Dairy and Digestion

Dairy and Digestion

It is an unfortunate fact of life that, seemingly overnight, your body develops issues when digesting dairy. Bloating, wind, cramps, and diarrhea are all very common symptoms of lactose intolerance.

Lactase and Lactose

Lactose is the sugar that is found in dairy, and to be effectively digested it needs the help of an enzyme named lactase. If there is not enough lactase to meet the amount of lactose that has been consumed, the body becomes intolerant of the lactose level and produces the above-mentioned symptoms.

Why do Lactase Levels Decrease?

People suffering from Primary Lactose Intolerance often have no reason for the decline of their lactase production- it simply reduces over time. These people may have a dairy ‘threshold’ where they can eat a certain amount before symptoms appear. Unfortunately, even this threshold often gradually decreases.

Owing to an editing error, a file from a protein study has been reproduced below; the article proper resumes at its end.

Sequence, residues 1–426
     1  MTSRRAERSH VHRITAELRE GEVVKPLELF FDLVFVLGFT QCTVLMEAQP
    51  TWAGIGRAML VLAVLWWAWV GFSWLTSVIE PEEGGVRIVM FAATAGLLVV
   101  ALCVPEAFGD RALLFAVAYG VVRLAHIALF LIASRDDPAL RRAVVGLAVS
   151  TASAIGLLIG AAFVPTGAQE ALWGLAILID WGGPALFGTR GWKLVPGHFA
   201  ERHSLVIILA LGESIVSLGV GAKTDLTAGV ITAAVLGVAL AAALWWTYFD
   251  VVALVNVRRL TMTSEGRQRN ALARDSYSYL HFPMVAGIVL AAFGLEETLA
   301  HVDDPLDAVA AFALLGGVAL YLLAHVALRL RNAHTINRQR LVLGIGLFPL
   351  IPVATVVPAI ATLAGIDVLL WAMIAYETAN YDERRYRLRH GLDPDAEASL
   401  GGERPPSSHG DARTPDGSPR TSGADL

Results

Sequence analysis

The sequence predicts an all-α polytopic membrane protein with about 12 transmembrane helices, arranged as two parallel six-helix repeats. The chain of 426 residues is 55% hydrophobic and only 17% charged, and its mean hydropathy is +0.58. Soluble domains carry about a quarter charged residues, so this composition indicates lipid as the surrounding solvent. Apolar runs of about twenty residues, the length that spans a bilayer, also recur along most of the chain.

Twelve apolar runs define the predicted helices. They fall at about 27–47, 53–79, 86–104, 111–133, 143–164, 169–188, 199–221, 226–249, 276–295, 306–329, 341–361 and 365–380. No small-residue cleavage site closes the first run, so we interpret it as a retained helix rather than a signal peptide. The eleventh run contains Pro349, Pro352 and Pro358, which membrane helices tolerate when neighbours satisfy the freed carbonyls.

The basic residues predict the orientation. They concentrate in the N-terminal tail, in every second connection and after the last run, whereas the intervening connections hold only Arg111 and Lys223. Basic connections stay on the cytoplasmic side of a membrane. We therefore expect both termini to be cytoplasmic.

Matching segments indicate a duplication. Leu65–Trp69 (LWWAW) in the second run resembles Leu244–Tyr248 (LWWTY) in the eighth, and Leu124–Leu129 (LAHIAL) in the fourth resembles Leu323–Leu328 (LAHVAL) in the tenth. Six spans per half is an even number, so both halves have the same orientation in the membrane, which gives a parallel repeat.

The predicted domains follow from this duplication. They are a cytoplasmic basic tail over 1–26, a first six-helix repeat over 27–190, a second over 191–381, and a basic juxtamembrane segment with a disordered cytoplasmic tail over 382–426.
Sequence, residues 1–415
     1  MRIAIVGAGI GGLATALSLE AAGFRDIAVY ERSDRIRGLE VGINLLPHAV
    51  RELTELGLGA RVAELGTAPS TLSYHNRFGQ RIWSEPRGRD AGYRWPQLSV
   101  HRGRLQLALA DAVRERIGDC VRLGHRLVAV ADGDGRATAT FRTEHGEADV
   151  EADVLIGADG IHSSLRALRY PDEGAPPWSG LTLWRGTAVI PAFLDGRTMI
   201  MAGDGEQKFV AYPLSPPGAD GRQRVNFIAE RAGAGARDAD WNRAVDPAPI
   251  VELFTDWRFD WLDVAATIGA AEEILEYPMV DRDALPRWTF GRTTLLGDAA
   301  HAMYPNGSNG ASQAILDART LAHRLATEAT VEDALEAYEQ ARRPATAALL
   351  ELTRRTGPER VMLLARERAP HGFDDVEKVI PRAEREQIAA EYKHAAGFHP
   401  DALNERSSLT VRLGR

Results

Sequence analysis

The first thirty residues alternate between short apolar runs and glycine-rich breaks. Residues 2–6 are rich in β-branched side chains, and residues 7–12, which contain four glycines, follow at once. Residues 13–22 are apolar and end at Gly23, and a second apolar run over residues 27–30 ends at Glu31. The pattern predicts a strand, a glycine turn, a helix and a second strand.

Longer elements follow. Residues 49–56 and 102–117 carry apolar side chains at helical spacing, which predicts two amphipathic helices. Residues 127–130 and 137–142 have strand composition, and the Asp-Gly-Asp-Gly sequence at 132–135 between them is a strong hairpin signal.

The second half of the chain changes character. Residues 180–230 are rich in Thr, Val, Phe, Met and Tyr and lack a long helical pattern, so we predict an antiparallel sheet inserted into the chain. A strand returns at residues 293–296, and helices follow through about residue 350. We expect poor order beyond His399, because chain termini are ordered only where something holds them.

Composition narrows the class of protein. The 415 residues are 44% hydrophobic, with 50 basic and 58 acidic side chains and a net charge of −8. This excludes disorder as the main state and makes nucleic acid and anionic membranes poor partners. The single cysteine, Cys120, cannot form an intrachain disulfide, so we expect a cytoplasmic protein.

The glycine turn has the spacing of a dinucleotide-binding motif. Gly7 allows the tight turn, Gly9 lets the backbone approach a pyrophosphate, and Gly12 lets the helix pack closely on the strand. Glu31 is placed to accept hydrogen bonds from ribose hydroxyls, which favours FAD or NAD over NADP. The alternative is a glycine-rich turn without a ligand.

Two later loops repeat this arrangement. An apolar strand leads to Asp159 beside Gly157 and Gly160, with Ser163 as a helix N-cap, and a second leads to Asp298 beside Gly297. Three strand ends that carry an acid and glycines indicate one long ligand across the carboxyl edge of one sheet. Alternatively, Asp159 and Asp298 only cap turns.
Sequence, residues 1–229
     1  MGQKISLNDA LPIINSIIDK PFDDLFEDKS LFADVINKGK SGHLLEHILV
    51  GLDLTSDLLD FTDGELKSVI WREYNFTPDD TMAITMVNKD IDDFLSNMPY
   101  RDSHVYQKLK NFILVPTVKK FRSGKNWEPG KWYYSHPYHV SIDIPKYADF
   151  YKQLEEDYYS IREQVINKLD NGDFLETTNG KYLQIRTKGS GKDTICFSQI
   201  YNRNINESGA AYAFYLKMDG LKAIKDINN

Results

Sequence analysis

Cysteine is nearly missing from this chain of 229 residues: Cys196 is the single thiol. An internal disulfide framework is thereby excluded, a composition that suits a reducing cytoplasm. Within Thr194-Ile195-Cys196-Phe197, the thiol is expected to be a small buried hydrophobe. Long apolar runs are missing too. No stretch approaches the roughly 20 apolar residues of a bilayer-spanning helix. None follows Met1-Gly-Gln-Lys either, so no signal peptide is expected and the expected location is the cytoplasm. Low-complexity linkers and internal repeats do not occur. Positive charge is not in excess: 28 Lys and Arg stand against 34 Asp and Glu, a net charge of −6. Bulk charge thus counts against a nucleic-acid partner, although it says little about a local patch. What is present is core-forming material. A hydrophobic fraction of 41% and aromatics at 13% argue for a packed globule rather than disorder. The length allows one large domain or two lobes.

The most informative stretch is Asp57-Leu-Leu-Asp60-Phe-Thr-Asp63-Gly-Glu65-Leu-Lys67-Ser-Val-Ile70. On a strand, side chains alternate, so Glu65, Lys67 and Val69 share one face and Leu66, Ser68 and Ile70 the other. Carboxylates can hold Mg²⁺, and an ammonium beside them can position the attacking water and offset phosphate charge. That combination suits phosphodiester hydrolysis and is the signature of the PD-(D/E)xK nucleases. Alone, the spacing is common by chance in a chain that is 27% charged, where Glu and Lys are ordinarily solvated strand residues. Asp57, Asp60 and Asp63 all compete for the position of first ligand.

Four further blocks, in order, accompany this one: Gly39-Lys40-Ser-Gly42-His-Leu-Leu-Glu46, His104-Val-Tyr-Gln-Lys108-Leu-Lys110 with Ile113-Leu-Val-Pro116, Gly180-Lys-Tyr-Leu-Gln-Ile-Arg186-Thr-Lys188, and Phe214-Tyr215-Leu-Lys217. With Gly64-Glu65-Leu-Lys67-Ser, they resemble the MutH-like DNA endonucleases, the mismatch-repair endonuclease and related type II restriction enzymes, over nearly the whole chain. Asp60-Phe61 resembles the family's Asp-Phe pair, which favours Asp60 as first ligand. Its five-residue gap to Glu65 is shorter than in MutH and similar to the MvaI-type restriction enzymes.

Secondary Lactose Intolerance occurs when injury, illness or surgery interrupts the lactase production of the small intestine. The good news is that production is often restored as the body heals.

Is There a Cure?

While there is no cure, lactose intolerance can be easily managed.

Eat smaller amounts of dairy however try not to eliminate it completely as this can make your lactose intolerance more severe.

Hard cheeses, butter and probiotic yogurts are all naturally lower in lactose and may be better tolerated.

Lactase enzyme supplements may help with dairy digestion. These can be found at your local pharmacy.